By New Times
By Connor Radnovich
By Robrt L. Pela and Amy Silverman
By Ray Stern
By Keegan Hamilton
By Matthew Hendley
By Monica Alonzo
By Monica Alonzo
Your recent article "Under the Knife," by Leigh Silverman (March 12), was a partial, nonobjective piece of crap. Nowhere in her article did she interview anyone involved in "assaults" on medical-care workers, who were not employed by these medical-care institutions, to find out just what makes them so angry at these "health-care professionals." Maybe I can shed some light on how they feel.
I have never been "intoxicated, disfranchised, a gang member or the addict seeking narcotics" when I have used or visited a medical institution. However, I have come close to committing assaults on so-called medical professionals for other reasons that your article and its interviewees conveniently failed to mention. And that is the ever-growing and intolerable medical indifference being perpetrated by these so-called places of healing.
The reason that a "janitor doubled as a part-time security officer" at Maryvale Hospital 22 years ago is because 22 years ago, the health-care industry hadn't been taken over by a bunch of large, greedy insurance corporations whose bottom line is to satisfy their stockholders first and care about their patients second. Twenty-two years ago, a patient actually was treated by the medical industry as though it cared, not as someone who the medical industry could do as little as possible for, while charging as much as it could get away with. What we really need is a new law making it a felony for a doctor, nurse or any other medical "professional" to make a medical decision for a patient based on the directive of an insurance company or any other corporate or government interest. Maybe then patients will regain the respect for the medical industry that we once had in this country, and so-called "medical professionals" will stop getting their asses kicked by righteously indignant patients.
Put this letter, along with an insurance lobbyist, in Drew's mouth (the hospital guard dog featured in the article) and let him chew on that!
Your expatiation of the past 30 years of Sun City/Sun City West is to be commended for its objective reporting by Michael Kiefer ("Sun City Disease," March 5). Referencing his statement concerning Mrs. Justice--". . . the most experienced board member, and ARGUABLY (my screaming to emphasize my comment), one of the brightest . . ." I can see that she has made a positive impression on Mr. Kiefer, as she has to numerous sources.
However, after 13 years on various educational boards, wouldn't any parent realize that this "most experienced" member would know how the Dysart Unified School District #89 budget operates and how to interpret it? That is her elected responsibility--to understand, make educated accountable decisions for the teachers and, most important, the students within the Dysart School District, who have suffered from this lack of accountability from the two remaining board members (after this last election), as well as Dr. de la Garza's ineptness.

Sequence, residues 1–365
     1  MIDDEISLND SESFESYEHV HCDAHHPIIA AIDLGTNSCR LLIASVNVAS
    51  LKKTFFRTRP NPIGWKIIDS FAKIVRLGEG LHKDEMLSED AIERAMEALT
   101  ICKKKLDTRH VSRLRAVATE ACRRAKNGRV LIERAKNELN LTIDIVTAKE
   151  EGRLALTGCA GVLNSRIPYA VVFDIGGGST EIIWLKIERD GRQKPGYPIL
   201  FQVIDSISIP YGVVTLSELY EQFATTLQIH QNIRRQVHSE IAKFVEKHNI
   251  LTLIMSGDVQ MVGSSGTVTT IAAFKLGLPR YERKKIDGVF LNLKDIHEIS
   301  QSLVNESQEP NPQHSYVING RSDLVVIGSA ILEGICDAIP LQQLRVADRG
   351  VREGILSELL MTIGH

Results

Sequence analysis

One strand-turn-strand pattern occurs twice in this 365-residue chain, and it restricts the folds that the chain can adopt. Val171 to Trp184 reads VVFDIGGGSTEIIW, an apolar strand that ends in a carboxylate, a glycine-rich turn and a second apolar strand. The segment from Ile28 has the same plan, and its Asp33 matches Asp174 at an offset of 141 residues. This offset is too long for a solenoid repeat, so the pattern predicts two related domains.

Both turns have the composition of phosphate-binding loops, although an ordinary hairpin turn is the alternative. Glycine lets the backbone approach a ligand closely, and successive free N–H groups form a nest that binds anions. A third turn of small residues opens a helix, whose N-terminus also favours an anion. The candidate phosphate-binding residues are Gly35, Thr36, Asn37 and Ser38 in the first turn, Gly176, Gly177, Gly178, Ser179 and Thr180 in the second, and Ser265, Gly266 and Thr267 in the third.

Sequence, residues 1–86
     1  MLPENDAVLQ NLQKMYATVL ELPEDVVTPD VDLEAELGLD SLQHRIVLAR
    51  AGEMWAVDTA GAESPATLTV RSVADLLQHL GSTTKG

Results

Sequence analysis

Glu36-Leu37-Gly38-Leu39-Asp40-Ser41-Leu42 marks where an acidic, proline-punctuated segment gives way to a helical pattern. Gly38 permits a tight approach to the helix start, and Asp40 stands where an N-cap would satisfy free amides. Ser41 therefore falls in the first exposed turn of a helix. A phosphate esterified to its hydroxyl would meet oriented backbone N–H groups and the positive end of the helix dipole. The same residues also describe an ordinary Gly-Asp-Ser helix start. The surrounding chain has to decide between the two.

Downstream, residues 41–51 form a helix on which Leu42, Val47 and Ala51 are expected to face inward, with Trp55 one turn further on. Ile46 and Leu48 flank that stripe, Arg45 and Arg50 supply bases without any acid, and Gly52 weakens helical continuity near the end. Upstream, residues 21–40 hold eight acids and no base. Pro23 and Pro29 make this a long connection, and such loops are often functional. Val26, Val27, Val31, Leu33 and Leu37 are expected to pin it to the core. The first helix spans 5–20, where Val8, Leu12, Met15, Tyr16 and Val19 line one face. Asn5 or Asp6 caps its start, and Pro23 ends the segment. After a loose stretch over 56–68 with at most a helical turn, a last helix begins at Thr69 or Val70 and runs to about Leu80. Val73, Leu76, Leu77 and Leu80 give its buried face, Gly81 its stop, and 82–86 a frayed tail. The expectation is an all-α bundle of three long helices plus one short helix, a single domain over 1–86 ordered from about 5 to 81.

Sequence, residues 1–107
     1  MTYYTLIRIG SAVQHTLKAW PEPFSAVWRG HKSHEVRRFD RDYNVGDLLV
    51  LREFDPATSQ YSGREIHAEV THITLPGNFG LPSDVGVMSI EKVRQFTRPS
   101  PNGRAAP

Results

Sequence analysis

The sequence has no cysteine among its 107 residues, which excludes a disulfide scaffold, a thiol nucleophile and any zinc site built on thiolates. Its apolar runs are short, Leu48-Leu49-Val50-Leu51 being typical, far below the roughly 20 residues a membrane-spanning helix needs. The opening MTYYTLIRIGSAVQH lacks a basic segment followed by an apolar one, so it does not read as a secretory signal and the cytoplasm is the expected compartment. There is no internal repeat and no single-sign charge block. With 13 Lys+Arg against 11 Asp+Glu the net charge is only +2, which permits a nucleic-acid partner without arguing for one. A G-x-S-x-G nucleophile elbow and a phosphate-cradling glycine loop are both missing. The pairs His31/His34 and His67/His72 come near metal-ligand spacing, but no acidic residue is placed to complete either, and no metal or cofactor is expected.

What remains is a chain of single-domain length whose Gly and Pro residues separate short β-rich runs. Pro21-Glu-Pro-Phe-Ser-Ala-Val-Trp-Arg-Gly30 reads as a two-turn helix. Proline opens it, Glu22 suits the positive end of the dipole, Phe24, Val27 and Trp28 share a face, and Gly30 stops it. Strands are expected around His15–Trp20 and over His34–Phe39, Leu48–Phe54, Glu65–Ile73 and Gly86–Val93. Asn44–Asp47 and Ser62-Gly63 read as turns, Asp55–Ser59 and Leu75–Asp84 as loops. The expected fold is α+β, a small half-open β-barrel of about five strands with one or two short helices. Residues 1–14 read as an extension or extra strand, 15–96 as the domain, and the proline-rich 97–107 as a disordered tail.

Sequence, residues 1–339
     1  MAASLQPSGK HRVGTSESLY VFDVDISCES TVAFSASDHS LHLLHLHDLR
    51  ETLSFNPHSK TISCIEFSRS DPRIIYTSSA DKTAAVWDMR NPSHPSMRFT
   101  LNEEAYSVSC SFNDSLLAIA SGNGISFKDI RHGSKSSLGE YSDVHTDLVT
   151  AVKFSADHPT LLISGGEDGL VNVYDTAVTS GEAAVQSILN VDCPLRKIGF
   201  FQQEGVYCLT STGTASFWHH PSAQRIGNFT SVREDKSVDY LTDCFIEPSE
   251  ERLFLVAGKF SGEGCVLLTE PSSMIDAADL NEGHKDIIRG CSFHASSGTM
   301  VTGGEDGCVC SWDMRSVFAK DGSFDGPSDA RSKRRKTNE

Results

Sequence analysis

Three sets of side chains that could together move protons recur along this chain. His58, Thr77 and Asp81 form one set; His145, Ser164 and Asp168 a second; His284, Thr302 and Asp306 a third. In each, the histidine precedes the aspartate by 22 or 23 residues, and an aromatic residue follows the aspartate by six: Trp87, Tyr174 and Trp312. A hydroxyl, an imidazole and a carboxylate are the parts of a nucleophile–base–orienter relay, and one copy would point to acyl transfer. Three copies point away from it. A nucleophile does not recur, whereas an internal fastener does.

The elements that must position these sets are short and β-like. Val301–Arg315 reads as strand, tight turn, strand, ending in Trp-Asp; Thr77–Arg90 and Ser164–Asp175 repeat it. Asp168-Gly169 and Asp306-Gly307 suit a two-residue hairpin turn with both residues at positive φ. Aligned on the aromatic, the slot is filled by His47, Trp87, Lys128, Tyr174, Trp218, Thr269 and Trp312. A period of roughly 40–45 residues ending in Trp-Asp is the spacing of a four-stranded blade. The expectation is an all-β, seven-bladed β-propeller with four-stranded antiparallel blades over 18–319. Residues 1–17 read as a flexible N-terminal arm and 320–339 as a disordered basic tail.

The record shows clearly that these noted representatives are not the professionals they would like this community to believe. If you accept the job, then do it as professionals. If you can't hack it, move on--and let those who have clearly shown their concern do their elected job. The goal here is the most quality education attainable, with the resources that have been allotted, for these students in the Dysart district.
Sun City West
I write in response to Chris Farnsworth's piece ("Jailhouse Blues," March 5) in which a state inmate charges that Corrections Sergeant Ben Sanders made sexual advances to him. As a former corrections officer and subordinate of Sergeant Sanders, I found these allegations to be extremely disturbing and highly improbable. During the five or more years that I had worked with Ben Sanders at Perryville, he had always appeared to be exceedingly loyal, decent and right-minded. In addition he had seemed to me a very gentle man and often overly sensitive. Nevertheless, I had also noticed that frequently Ben exhibited a droll or quirky sense of humor with regard to both staff and inmates. In my opinion, this reflected an eccentric side to his personality.
Thus, I am suggesting that perhaps Ben Sanders' alleged words and actions toward this inmate which were supposedly interpreted as sexual misconduct may have been in reality merely the sergeant being facetious in an unconventional way. Moreover, I feel that any inmate's account concerning a Department of Corrections employee should be taken with a grain of salt. It is regrettable that an honorable and a dedicated public servant is maligned in this fashion before the real facts are known.
I am so appalled by Barry Graham's column on the Scottsdale Police Department ("To Serve and Humiliate," March 5). These are people who are supposed to protect us? What a joke! I've never really had much faith in our police, but this situation makes my view of every cop, good or bad, even worse.
Reading the article, I was so scared and felt bad for Bonnie Johnson. No one deserves this type of treatment. I'm surprised this story isn't the top story of the evening news. Instead, the news gives us feeble stories of how much rainfall we've had or what celebrity couple is getting a divorce. Thanks to Barry Graham for giving us the real news of what's happening in our state.